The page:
Late immunoneutralization of procalcitonin arrest the progression of lethal porcine sepsis

Jose M. Martinez, Kristin E. Wagner, Richard H. Snider, Eric S. Nylen, Beat Muller, Babak Sarani, Kenneth L. Becker, Jon C. White

Research output: Contribution to journalArticlepeer-review

54 Scopus citations


Background: Procalcitonin (ProCT) is becoming increasingly recognized as a mediator as well as a marker of sepsis. Serum ProCT concentrations rise soon after induction of sepsis and remain elevated over a prolonged period of time. In contrast, many pro-inflammatory cytokines, e.g., tumor necrosis factor alpha (TNF-α) and interleukin-1 beta (IL-1β), rise and decline early in the course of sepsis. Researchers have improved survival in animal models of sepsis by prophylactically blocking IL-1β and TNF-α with immunotherapy, but therapeutic treatment has been less successful in clinical trials. We hypothesized that the sustained elevation of ProCT in the serum would allow for effective therapeutic immunoneutralization of this peptide late in the course of sepsis. Methods: Lethal polymicrobial sepsis was induced in 10 castrated, male Yorkshire pigs by intraabdominal spillage of cecal contents (1 gm/kg) and intraabdominal instillation of 2 × 1011 cfu of a toxigenic strain of E. coli (O18:K1:H7). The treated group (n = 5) received an intravenous infusion of purified rabbit antiserum to the aminoterminus of porcine ProCT. The control group (n = 5) received nonreactive, purified rabbit IgG. The purified antiserum was infused to all animals 3 h after the induction of sepsis, at which time very severe physiologic dysfunction was manifest, and many of the animals appeared to be preterminal. Physiologic and metabolic parameters were measured until death or for 15 h after induction of sepsis, at which time all surviving animals were euthanized. Results: Therapeutic immunoneutralization of serum ProCT improved most measured physiologic and metabolic parameters in septic pigs. Specifically, there was a significant increase in mean arterial pressure, urine output and cardiac index in all animals treated with ProCT antibody. Serum creatinine was significantly lower in treated animals. Although acidosis was not as severe in treated animals, as indicated by higher pH values and lower lactate concentrations, these results did not achieve statistical significance. Significantly, 11 h after the induction of sepsis there was 100% mortality in the control group while only one animal in the treated group expired. Conclusion: The prolonged elevation of ProCT concentrations in sepsis allows neutralization of this peptide to be effective during the course of this disorder. These findings suggest that immunoneutralization of ProCT may be a useful treatment in clinical situations where sepsis is already fully established.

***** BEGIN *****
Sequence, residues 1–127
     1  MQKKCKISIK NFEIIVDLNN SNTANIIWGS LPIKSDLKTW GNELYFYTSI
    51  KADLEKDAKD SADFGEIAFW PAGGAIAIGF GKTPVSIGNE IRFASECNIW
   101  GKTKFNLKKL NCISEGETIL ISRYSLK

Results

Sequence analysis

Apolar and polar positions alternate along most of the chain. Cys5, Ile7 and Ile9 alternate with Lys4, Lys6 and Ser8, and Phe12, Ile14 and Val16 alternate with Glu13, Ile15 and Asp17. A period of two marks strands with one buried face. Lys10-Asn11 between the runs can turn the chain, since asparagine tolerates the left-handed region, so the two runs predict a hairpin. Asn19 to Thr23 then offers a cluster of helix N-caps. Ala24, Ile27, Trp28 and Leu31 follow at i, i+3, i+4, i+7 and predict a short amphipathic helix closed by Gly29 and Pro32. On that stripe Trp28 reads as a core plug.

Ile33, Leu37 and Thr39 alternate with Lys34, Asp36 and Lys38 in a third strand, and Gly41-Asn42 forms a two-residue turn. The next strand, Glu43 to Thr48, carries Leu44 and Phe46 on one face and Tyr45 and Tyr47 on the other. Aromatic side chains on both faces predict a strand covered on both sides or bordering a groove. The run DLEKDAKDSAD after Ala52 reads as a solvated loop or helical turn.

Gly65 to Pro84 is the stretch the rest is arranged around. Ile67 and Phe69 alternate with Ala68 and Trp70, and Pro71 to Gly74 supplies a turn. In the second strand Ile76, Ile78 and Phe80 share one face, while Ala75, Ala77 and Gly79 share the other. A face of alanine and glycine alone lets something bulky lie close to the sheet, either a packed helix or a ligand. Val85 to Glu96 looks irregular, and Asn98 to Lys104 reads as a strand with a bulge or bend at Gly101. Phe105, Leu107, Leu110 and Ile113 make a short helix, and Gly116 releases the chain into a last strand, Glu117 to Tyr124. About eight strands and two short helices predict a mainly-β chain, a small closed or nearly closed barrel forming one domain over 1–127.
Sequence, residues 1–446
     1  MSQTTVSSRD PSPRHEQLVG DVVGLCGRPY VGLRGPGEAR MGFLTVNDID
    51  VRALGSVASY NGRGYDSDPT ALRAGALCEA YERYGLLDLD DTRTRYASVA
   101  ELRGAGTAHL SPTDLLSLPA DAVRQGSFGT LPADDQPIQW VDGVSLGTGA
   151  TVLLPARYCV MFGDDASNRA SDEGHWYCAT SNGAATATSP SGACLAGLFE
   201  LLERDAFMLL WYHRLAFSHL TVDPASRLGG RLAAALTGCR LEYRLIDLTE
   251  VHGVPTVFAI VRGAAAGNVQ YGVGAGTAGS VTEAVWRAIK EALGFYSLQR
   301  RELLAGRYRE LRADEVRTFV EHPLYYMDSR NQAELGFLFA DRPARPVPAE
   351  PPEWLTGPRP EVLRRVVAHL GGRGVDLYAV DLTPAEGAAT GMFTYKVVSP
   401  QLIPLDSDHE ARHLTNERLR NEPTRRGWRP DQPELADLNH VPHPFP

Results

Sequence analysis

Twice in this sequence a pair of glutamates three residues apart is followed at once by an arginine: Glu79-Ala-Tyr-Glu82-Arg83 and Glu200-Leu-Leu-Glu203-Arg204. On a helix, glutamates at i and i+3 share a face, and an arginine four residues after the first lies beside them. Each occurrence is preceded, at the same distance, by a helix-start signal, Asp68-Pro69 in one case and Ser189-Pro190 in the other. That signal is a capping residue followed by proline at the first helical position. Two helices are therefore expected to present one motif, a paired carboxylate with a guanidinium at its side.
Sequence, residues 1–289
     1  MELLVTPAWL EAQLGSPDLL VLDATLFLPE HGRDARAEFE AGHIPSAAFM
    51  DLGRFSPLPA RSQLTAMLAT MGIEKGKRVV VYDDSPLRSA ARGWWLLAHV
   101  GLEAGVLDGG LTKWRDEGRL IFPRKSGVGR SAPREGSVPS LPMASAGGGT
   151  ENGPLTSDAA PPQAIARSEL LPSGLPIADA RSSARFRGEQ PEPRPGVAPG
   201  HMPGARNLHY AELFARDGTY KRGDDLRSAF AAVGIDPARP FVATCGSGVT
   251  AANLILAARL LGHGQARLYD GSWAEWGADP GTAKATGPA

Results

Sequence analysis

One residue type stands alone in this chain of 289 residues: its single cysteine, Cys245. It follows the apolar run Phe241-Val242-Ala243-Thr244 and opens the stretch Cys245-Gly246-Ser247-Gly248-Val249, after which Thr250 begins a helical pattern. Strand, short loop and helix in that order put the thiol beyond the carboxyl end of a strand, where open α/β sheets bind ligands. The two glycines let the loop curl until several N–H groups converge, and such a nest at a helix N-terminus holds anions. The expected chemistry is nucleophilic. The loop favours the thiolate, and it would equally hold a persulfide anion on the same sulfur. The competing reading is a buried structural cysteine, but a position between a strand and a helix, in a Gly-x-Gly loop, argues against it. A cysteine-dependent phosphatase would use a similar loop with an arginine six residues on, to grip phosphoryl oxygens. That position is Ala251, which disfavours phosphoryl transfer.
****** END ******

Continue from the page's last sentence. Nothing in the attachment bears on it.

Original languageEnglish (US)
Pages (from-to)193-203
Number of pages11
JournalSurgical infections
Issue number3
StatePublished - Sep 1 2001
Externally publishedYes

ASJC Scopus subject areas

  • Surgery
  • Microbiology (medical)
  • Infectious Diseases


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